Island Girl (Part 7) PG 13

 It was mid-tide. The wind was calm and the sky was clearing. Some high thin clouds drifted slowly across the horizon. The nearby island, Crafts Peak, was clearly visible, about two miles directly off shore. He stood on the dock and surveyed his boat. It looked unmolested. He climbed down into the vessel, prepped the engine and it started right away. After letting it idle a few seconds, he killed it and sat back against the seat, closing his eyes. The gentle sway of the boat, the warmth of the sun and the gentle breeze, soothed him. The rhythmic slapping of the water against the dock brought him a sense of peace and calm.

Going to the sheriff didn’t hold the same appeal as before. Did he really want to involve himself with this strange girl? Any problems they had was between her and her husband, if he really is her husband. And what of Jack, hovering around them like a fly. Had he really damaged the antenna? The best thing would be to steer clear. He knew she was agitated the first time he’d laid eyes on her, knew she was trouble, snuggling up against him in bed, daring him to make a move on her, it was transparent. She could have accused him of molestation or rape. What’s to stop her from claiming that now? She could be telling her husband lies about him and it would be her word against his. He leaned over the side of the boat and saw a crab scurry into the shadows beneath the dock. It was a reminder to check his traps and reset bait. But first, he’d check the radio.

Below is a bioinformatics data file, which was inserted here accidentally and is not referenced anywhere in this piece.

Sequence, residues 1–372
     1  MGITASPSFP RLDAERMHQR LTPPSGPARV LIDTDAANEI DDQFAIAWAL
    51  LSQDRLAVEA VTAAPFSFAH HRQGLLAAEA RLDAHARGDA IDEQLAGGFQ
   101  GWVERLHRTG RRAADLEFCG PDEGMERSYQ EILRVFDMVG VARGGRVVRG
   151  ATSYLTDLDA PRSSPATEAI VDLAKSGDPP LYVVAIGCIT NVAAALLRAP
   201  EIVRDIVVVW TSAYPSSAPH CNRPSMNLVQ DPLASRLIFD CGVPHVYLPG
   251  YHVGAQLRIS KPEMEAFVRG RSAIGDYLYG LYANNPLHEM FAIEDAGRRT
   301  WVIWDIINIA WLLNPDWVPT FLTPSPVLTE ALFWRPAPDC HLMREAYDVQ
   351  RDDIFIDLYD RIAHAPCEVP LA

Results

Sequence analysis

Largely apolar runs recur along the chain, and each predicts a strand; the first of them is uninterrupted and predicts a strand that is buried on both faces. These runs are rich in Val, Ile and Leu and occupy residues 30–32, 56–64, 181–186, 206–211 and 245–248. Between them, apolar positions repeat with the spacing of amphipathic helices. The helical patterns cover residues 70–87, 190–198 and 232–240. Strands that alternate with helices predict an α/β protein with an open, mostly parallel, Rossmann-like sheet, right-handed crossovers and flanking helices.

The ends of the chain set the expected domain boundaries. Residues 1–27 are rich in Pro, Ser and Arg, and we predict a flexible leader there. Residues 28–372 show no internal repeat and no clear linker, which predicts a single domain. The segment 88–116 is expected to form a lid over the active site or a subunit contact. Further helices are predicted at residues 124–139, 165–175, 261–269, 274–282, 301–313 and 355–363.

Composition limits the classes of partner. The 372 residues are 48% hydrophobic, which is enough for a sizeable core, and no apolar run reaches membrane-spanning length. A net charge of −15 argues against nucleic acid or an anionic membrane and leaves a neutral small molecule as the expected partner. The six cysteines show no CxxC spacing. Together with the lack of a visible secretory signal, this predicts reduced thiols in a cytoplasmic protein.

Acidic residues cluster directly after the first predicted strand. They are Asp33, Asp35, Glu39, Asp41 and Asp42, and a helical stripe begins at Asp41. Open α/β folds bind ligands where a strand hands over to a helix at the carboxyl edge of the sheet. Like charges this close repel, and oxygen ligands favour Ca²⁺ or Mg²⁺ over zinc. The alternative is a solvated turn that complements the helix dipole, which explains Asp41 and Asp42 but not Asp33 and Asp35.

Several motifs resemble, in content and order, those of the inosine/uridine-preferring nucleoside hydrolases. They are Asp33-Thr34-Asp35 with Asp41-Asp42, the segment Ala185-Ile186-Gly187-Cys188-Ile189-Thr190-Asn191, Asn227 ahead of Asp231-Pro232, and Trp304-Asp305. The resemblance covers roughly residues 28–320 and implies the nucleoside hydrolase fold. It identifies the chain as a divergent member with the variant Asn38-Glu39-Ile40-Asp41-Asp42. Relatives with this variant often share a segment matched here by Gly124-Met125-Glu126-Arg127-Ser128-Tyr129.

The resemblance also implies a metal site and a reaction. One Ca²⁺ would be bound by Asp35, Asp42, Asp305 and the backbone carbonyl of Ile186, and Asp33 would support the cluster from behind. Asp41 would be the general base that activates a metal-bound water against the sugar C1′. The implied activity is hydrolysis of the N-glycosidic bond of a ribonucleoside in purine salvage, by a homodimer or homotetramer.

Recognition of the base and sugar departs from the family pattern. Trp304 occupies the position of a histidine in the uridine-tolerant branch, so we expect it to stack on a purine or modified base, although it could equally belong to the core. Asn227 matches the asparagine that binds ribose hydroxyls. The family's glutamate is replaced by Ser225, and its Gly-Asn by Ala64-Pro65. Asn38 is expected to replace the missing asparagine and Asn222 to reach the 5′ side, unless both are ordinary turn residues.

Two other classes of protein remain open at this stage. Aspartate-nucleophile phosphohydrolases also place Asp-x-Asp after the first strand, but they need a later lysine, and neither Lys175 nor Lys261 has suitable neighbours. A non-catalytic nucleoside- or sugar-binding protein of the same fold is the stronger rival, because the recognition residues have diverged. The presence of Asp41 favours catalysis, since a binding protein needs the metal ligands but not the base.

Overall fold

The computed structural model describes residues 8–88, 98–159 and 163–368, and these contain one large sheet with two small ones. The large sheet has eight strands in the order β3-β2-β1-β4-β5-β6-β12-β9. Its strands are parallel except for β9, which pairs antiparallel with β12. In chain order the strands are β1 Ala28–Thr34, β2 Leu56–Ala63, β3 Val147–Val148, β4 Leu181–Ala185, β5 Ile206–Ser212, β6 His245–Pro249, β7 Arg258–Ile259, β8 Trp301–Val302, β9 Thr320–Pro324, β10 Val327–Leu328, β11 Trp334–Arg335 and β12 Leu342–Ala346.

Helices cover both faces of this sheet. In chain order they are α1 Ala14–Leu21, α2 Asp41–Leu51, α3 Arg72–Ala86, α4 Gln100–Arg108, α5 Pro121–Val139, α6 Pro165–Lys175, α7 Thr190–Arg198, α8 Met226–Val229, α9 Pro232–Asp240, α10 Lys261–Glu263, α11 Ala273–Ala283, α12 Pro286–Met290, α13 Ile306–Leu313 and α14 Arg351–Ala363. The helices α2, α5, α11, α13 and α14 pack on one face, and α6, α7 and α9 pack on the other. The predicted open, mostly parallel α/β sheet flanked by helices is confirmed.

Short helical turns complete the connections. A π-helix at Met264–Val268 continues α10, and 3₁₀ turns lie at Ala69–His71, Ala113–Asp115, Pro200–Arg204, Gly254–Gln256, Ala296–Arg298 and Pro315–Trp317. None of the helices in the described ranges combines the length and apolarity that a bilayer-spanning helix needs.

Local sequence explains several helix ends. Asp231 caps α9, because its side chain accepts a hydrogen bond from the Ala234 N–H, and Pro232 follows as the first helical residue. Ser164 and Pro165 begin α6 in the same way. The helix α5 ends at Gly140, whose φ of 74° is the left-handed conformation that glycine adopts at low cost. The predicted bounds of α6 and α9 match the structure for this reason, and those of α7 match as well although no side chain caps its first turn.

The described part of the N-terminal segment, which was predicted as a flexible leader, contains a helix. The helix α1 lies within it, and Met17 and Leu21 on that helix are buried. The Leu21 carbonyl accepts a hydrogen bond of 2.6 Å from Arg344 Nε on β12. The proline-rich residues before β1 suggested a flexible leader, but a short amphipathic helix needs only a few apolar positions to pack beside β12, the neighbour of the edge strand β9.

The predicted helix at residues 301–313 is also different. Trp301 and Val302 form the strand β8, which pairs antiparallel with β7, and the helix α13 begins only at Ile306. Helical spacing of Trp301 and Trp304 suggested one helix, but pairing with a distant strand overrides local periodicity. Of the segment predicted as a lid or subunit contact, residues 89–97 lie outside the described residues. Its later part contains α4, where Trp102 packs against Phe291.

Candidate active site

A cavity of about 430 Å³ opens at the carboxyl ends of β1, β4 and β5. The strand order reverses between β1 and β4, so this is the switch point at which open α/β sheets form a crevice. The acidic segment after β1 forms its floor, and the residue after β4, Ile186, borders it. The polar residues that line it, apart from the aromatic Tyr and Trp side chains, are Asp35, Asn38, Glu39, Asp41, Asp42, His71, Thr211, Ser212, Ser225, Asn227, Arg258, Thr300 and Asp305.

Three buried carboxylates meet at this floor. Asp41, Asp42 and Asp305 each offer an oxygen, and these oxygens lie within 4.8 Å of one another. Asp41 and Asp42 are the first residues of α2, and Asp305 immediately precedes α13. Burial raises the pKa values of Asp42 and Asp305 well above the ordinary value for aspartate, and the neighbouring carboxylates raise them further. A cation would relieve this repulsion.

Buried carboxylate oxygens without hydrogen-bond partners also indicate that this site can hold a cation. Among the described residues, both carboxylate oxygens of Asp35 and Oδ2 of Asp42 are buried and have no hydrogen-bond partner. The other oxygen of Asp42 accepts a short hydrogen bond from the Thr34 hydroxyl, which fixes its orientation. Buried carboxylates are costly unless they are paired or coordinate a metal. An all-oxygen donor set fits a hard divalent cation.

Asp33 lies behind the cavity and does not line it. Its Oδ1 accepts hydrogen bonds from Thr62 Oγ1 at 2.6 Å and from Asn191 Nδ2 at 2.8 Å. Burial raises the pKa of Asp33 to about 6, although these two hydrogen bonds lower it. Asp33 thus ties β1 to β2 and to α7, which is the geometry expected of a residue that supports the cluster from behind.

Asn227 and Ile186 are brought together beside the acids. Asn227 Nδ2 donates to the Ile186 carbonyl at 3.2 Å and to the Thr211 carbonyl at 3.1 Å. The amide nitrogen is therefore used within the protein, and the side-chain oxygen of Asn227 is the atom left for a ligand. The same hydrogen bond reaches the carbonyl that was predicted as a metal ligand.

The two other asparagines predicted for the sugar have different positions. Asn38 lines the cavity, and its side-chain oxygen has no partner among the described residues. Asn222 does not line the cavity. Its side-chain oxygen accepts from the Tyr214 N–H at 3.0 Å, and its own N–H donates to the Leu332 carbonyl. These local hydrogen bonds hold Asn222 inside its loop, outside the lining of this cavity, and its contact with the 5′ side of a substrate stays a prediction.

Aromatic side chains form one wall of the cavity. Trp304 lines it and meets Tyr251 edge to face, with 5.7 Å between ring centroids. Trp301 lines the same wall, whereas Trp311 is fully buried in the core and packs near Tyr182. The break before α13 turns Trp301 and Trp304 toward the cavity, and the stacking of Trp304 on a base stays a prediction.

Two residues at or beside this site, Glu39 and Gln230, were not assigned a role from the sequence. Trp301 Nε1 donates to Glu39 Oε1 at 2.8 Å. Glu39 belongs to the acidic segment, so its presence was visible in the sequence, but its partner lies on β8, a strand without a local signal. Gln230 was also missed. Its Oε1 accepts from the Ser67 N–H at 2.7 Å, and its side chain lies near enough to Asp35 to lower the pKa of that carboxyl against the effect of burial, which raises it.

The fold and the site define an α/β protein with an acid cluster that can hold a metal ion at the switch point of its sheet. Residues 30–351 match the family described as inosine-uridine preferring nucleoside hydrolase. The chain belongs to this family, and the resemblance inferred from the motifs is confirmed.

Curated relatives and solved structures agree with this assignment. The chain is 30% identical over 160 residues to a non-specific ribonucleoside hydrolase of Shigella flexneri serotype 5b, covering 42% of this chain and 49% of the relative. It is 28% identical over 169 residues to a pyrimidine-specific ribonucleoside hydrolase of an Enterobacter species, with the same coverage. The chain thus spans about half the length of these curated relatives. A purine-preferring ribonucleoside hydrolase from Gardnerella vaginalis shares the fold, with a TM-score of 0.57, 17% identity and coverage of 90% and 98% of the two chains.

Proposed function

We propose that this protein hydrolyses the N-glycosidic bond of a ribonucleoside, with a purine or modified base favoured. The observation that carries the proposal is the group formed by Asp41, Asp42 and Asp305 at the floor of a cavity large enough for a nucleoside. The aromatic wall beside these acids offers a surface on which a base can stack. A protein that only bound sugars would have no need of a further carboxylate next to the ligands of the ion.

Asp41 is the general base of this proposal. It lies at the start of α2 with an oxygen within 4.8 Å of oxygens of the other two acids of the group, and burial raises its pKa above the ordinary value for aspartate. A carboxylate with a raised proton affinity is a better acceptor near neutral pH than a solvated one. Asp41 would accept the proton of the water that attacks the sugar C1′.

The hissing static was louder than before. No signals strong enough to dial in, they just weren’t reaching the receiver. He shut off the radio, and walked into the kitchen. He sat at the table and started writing a list of supplies he needed from town. A trip to the mainland took half a day or longer, and he going. The longer he stayed on the island, alone with his thoughts and memories, the more he resented the outside world. Stepping off his boat onto the public dock, going from quiet simplicity to the chaos meant he left himself open to be affected by others. Their lives intersecting with his, no matter how small the consequence, he hated that they could impact him in some way. On the island there was no one to affect him at all. He wasn’t held up in traffic, cut off by someone late for work, didn’t have to stand in line in the stores. He didn’t miss cars, traffic, people, or the internet. The first few weeks on the island, he craved news from the outside world. Along with booze, he missed the internet, using a cell phone, and listening to the nightly news. He craved media interaction, much like a wino craved wine, and came to realize he had an addiction to social media. Now, he saw it as massive waste of time and energy. Another form of impulse control, an overload of information he didn’t need or want or want to need. It was a waste of his time. If he wasn’t pulling traps. Making a fire, cooking, or working with wood, what was he doing? Nothing. He’d been conditioned to the relentless blathering of a tumultuous society. He looked up from his notebook and stared at the bottle of bourbon in the middle of the table. The rich amber color appeared darker in the sparse afternoon light. He thought about the girl and his stomach did a little turn. She’d have him drinking in no time. He’d get a taste for her and when she left, he’d want to drink her out of his head. Her beauty and youth would drive him to drink because he was weak and could never keep her, this he knew. She would become one craving too many. He thought of her lying next to him, warm and naked against his back, feeling her soft breasts against him, smelling her skin, and her hand reaching around for him. His wife interrupted these thoughts, and his stomach turned over again. She was always there, just beneath the surface. Watching from that doomed jet plane, sitting next to his baby girl as they breathed their last, strapped into a tin can full of strangers.